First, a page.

“Intelligent Design” and “ID” are used either as shorthand for some specific theory (or conjecture)

Yes.

or as blanket terms for a whole class of proposals. In the latter sense we should not expect falsifiability; or rather, since we know that lots of things are indeed intelligently designed, we should be surprised by the suggestion that ID *tout court* could be false.

“ID” has nothing to do with the proposition that, say, my can opener was intelligently designed.

What’s too often and too easily lost in economical expression is the importance of the variations in ID

Much is lost when one loses focus on what is being discussed.

Behe’s right in this respect: the existence of some agency whose actions explain a phenomenon is always a logical possibility, and perhaps even an empirical possibility.

Since that’s not Behe’s claim, he’s not right about it.

The “small” version of my video does appear to have gone missing. Click on “large”, though, and you should be in business.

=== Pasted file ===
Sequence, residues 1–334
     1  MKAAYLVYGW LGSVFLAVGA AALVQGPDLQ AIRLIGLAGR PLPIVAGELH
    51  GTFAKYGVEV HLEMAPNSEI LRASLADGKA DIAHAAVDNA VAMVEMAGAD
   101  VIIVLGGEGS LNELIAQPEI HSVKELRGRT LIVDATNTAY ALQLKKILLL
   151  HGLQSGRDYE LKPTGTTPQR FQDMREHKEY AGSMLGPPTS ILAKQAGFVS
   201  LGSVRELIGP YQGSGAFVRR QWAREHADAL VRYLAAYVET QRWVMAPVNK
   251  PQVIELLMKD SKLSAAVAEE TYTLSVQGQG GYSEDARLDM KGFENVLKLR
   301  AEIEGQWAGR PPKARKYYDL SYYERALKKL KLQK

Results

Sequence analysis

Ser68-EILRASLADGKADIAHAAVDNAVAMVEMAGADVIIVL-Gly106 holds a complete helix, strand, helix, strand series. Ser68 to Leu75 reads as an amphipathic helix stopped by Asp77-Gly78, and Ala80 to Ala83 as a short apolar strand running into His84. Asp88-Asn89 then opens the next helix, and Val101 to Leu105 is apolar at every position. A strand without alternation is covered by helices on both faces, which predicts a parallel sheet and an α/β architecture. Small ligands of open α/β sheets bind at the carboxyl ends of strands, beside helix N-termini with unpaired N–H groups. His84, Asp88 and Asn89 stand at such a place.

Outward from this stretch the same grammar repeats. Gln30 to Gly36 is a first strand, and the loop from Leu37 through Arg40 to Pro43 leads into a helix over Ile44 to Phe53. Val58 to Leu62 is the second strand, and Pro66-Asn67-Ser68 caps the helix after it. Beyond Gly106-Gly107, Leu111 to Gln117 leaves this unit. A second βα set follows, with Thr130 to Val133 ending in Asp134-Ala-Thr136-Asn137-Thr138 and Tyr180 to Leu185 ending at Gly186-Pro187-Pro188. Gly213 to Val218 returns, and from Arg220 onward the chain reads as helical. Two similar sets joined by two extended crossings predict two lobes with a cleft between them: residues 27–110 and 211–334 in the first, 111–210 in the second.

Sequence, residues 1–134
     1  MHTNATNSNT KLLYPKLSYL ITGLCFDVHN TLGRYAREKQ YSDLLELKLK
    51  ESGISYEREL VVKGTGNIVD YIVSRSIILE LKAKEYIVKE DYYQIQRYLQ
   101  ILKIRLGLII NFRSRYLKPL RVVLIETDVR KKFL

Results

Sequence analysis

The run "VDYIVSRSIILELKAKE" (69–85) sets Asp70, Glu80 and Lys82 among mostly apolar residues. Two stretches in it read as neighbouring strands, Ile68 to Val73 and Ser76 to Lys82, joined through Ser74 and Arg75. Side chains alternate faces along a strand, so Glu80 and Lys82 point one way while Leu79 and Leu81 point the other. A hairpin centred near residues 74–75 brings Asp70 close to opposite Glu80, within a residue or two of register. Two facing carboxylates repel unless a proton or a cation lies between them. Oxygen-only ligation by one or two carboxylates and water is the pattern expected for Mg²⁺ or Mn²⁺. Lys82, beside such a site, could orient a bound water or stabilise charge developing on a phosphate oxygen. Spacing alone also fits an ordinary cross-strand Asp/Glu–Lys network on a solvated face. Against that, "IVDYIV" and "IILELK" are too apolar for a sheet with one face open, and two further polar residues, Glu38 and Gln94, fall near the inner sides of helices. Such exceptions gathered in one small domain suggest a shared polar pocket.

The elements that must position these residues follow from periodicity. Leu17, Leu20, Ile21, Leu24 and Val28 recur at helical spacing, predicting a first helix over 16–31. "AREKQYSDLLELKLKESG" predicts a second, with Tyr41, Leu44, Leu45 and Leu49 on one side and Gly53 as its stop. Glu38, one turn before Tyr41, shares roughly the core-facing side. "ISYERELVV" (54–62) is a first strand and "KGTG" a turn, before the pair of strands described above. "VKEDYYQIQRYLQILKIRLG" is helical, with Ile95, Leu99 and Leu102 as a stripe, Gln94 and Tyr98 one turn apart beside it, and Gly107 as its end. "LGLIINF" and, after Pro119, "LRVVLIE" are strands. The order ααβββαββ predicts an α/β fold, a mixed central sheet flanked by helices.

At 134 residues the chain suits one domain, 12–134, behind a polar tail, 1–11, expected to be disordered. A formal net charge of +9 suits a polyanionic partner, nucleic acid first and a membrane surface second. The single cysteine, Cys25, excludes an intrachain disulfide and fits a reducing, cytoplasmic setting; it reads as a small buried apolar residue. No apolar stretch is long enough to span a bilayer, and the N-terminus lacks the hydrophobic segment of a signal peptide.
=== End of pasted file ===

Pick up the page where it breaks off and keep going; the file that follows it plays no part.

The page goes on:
Popper's ghost Wrote:

“ID” has nothing to do with the proposition that, say, my can opener was intelligently designed.

Did anyone deny this? The point was that blanket allusions to ID may be uninformative or just plain misfires when they are attached to specific critiques. It’s (often) important to be clear which version is under discussion. For example, it’s not very forceful to argue that because Newton was wrong in his argument about the solar system, ID towards the flagellum should be a dead letter.

Clutch Wrote:

Behe’s right in this respect: the existence of some agency whose actions explain a phenomenon is always a logical possibility, and perhaps even an empirical possibility.